Note: For anyone reading this if you think that I did this to your INFOCOM paper, no I did not and you are happy to drop me a note for me if you want to break the veil of anonymity.  Whoot, go, go, gadget tenure :)   

Sunday, September 9, 2012

Visit - Sprint at the Wireless Institute

One of the nice perks of being at Notre Dame is the wicked, cool set of speakers that we get to have the privilege of listening to.  For this past week, we were the host of Bob Azzi, Sprint's senior vice president of network operations.  Unfortunately due to obligations related my Associate Chair hat, I had to duck out early from the question and answer session and missed the second half of the session.

A few interesting bits from the talk and Q&A that stood out for me:
  • A certain other cell network when they had employed data caps expecting to see revenue generation.  In reality, users heavily capped their behavior when they hit the limit and it ended up not generating any substantial new revenue.  It definitely raises some interesting questions related to our WiFi offloading study as a comment was raised whether or not users will modify their behaviors as they get closer to the cap.  With our Cell Phone Study getting our data services from Sprint, this was not an issue due to the unlimited data plans.  It certainly would have some interesting effects for non-Sprint customers if we could monitor several in our study.  From a larger perspective, I have to think data like that would give execs at Verizon pause as the whole shared data plan sort of thing could get ugly in a heartbeat.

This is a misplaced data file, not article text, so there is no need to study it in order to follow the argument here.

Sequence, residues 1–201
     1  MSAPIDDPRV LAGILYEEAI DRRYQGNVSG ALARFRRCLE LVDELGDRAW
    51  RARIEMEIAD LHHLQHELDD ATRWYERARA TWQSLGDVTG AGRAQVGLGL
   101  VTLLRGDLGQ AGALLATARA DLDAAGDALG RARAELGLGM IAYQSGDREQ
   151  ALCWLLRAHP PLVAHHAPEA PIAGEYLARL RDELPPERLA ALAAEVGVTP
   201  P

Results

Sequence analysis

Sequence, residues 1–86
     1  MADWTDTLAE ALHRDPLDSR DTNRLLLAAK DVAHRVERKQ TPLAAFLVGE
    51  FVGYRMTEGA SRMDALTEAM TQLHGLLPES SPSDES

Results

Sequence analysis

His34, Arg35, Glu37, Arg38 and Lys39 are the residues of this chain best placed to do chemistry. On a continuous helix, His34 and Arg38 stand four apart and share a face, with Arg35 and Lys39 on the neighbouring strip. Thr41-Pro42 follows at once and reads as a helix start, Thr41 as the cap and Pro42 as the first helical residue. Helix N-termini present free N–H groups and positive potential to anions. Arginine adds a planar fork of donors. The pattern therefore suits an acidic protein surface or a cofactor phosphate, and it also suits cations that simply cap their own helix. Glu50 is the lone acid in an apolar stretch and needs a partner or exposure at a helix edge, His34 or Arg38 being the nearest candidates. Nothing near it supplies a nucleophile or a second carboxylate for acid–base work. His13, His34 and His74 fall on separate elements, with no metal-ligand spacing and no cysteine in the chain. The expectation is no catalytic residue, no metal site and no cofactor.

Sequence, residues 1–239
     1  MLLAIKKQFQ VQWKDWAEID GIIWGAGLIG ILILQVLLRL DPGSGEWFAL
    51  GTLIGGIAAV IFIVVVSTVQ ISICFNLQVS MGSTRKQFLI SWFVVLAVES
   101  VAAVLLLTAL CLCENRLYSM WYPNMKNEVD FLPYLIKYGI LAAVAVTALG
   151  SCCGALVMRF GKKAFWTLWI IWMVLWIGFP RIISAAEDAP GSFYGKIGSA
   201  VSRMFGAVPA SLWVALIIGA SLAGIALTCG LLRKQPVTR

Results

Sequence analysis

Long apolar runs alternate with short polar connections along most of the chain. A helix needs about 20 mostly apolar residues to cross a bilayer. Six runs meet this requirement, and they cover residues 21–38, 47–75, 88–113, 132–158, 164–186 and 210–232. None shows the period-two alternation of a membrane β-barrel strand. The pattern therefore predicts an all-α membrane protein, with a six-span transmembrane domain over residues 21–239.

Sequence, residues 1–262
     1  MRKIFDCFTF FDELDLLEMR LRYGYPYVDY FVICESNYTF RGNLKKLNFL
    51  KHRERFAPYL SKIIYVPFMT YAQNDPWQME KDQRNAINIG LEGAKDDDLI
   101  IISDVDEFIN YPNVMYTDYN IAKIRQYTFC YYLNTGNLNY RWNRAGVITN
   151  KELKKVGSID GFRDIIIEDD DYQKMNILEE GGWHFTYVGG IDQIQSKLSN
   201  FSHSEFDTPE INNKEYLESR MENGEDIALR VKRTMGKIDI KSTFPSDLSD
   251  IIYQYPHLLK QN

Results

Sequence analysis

• DPI (Deep Packet Inspection) and video translation for the win.  18-20% reduction by whacking certain low hanging video streams from 1080p when the type of mobile device is known (non-tethered too I assume) to be more appropriate for the screen size.  I'll have to do a bit more digging to see what devices are involved but very smart plays to re-encode said video to alleviate the last mile. 
  • As academics in networking, we sometimes can forget that the real network is messy and that any sort of pico / metro cell magic is going to be awful due to the sheer scope / complexity of rolling it out for real.  Techniques like SON (Self-Optimizing Networks) are going to be essential for realizing HetNets.  Right of way / property are powerful things indeed (i.e. how do power / cable / get permission to install a pico or metro cell).
  • Similarly, cell networks are not nearly as monolithic as one would imagine, often involving many agreements across a variety of networks to be able to provide full nation-wide coverage.  It definitely adds a unique complexity wrinkle to deployment that the community needs to be more mindful of.
  • Finally, like all things technology, technology is only one part of it and policy, particularly public policy is a very, very important part.  We really need more engineers who can correctly inform technology decisions.
Hopefully we will be able to post up a video on the Wirelss Institute webpage in the next week or so with a recording of the core part of Azzi's talk.